Poor telecoms regulation 'costing UK £20bn'

Britain's BT-dominated telecoms industry needs a regulatory overhaul if it is to compete in the world market, argues a Cable and Wireless-sponsored study

British businesses and the UK economy could gain £20bn if Ofcom improves the way it regulates the telecommunications sector, including the ADSL broadband industry, according to a study published on Thursday.

The wide-ranging study, called "Reaping the telecoms dividend -- our opportunity for telecoms to drive innovation and productivity in British business and the economy", was carried out by Spectrum Strategy Consultants and fellow consultancy firm Indepen on behalf of UK telco Cable and Wireless. Cable and Wireless said it hopes to influence a review of telecoms regulation announced last month by Ofcom, which is the new telecoms and media regulator.

The study is highly critical of the current regulatory regime, arguing that it has allowed BT to retain its grip on the wholesale telecoms market, slowing innovation and costing the economy billions in potential growth.

"The new regulator has a key role to play in closing the productivity gap in the UK," said Cable and Wireless chief executive Francesco Caio in a statement. "Without decisive change, there will continue to be a drag from stifled telecoms innovation in this country."

The study's key argument, backed by a review of economic evidence from the UK, the US and other countries, is that a strong link exists between telecommunications investment and productivity gains. The report compares the benefits of telecoms investment to those of investment in ICT (information and communications technology), implying that the lack of telecoms investment means a drag on productivity and economic growth.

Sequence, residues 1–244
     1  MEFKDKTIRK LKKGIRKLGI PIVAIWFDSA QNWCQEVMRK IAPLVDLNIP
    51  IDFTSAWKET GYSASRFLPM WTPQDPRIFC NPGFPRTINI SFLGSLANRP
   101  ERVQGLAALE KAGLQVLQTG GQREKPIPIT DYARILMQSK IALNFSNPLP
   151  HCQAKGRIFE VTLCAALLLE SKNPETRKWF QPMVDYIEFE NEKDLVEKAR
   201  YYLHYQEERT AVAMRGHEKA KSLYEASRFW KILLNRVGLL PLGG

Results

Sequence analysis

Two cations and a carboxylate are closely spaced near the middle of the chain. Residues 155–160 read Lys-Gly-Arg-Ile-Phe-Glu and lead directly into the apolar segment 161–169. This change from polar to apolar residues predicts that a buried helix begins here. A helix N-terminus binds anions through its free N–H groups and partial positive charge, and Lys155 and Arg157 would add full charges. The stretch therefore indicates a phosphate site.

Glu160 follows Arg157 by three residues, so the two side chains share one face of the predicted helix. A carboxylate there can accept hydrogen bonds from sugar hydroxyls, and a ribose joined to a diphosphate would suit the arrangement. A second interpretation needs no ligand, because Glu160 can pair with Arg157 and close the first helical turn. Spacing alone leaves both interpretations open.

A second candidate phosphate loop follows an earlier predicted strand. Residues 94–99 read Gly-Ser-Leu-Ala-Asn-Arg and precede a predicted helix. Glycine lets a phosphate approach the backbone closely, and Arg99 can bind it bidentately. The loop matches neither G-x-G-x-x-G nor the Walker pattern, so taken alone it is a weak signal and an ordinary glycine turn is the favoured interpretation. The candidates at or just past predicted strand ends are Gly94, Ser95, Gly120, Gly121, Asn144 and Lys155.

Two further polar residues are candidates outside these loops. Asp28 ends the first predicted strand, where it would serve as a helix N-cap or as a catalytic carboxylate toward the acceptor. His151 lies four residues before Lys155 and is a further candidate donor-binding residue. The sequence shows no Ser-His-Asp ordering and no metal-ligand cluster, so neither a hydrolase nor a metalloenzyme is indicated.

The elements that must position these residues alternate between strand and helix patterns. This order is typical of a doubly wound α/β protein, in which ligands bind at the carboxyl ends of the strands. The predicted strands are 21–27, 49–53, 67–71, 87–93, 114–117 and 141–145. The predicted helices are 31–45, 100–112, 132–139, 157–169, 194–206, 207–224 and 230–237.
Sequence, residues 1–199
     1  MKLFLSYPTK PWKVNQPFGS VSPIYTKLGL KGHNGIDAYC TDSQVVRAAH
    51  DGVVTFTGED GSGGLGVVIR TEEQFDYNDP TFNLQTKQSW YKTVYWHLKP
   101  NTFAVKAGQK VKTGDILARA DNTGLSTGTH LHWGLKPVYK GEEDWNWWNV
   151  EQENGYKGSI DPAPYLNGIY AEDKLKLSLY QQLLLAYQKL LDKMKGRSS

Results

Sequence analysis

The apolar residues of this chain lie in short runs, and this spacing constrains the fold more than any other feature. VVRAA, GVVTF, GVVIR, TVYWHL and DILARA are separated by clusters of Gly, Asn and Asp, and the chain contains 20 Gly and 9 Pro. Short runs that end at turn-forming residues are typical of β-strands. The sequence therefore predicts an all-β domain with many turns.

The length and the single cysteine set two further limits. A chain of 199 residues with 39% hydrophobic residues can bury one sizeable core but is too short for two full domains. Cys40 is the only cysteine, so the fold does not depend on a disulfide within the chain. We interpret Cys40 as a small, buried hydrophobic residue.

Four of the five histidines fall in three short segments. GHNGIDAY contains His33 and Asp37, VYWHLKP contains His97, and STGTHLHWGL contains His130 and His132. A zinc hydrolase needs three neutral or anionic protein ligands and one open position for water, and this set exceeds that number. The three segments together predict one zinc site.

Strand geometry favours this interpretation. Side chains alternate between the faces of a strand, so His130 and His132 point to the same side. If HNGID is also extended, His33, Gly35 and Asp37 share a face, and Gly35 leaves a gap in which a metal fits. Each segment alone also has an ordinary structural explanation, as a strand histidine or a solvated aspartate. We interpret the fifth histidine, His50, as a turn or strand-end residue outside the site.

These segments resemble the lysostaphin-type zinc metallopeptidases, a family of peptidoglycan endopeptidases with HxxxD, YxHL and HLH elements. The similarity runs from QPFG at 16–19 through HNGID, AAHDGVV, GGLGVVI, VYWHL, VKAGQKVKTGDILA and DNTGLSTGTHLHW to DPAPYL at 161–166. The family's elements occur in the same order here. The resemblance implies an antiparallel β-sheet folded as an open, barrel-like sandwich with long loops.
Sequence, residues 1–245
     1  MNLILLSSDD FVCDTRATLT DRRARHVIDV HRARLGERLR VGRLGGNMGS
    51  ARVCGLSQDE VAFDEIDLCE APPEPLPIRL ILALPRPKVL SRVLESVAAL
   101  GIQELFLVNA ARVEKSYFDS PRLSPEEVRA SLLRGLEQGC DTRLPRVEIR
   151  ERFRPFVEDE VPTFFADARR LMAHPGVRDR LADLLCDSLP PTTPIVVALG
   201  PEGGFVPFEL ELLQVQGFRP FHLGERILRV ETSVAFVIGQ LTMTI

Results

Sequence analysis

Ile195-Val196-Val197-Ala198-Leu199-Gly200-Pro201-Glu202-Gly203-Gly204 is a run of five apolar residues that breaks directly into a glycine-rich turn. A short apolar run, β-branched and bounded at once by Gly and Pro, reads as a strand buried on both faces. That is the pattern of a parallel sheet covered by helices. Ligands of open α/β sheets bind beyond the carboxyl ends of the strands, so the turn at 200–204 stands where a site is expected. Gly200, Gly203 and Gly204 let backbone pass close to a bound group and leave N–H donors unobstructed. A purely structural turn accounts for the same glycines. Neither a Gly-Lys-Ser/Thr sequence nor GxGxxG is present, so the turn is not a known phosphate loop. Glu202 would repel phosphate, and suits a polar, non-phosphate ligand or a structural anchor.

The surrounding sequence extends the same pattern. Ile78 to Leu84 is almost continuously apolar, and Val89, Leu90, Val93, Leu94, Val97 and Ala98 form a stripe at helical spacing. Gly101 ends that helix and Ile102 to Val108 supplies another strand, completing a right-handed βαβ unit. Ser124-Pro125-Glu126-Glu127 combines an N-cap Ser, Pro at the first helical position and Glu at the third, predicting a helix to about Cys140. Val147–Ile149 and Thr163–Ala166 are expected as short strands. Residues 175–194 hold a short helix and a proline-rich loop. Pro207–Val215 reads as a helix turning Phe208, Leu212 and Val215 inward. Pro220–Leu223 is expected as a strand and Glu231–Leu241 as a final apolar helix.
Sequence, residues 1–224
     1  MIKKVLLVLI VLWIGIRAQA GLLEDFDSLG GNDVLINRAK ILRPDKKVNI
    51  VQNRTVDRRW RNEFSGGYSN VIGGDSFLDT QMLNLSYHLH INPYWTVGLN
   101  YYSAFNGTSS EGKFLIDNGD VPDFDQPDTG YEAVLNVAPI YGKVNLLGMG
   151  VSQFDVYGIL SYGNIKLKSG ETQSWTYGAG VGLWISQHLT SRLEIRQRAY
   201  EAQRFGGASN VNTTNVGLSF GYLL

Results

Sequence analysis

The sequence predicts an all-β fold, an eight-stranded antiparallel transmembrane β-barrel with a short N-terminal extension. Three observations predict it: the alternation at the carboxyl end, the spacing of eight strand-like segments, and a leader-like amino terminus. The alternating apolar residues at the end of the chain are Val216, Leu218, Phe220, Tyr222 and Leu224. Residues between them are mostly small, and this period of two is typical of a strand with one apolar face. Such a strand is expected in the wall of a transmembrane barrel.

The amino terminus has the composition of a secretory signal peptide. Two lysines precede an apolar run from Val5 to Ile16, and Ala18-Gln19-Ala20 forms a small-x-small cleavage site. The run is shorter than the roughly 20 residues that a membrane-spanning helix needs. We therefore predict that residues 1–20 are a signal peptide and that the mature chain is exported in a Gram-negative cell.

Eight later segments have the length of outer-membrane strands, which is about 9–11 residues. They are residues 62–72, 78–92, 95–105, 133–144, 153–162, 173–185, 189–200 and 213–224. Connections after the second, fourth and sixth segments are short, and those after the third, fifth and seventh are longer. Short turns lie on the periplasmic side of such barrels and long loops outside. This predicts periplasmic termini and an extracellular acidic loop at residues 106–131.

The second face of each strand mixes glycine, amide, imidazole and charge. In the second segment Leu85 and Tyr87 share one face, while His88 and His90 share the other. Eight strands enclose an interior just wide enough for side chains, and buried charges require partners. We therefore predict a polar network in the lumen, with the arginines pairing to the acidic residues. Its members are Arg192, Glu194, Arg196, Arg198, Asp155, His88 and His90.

More competition in Britain's ADSL market, for example, could have pumped £100bn into the UK economy by encouraging earlier broadband take up, the report argues. The spread of broadband -- now generally seen to be moving at a healthy clip -- was delayed by at least three years due to the lack of "equivalent" access to BT's network assets by competitors, the report claims.

BT Wholesale controls nearly all of the wholesale ADSL market, with ADSL resellers competing with BT Retail. Efforts to "unbundle" telephone network exchanges, allowing competitors direct access and thus relieve their dependence on BT Wholesale, have made slow progress.

More generally, fixed-line telecoms suffer from failing competition and delayed innovation, the report claims, with BT retaining 60 percent of the UK's retail telecoms sector and 80 percent to 90 percent of the wholesale market. The report singles out the slow appearance of Carrier Pre-Selection (CPS), a technology allowing customers to easily switch telecommunications providers, which it says took four years to come to market.

Among the specific sectors that would benefit from better telecoms regulation are large retailers, the finance industry, local authorities, the manufacturing sector and creative and media companies, the report says. All are currently heavy users of telecoms services, are rapidly increasing their telecoms spending, or are sectors in which the quality of access to ICT affects their choice of country location, the report says.

Regulation should be restructured based on the principles of equivalent access to BT's network by competitors, prevention of price-based discrimination, and price incentives rather than penalties, the report argues.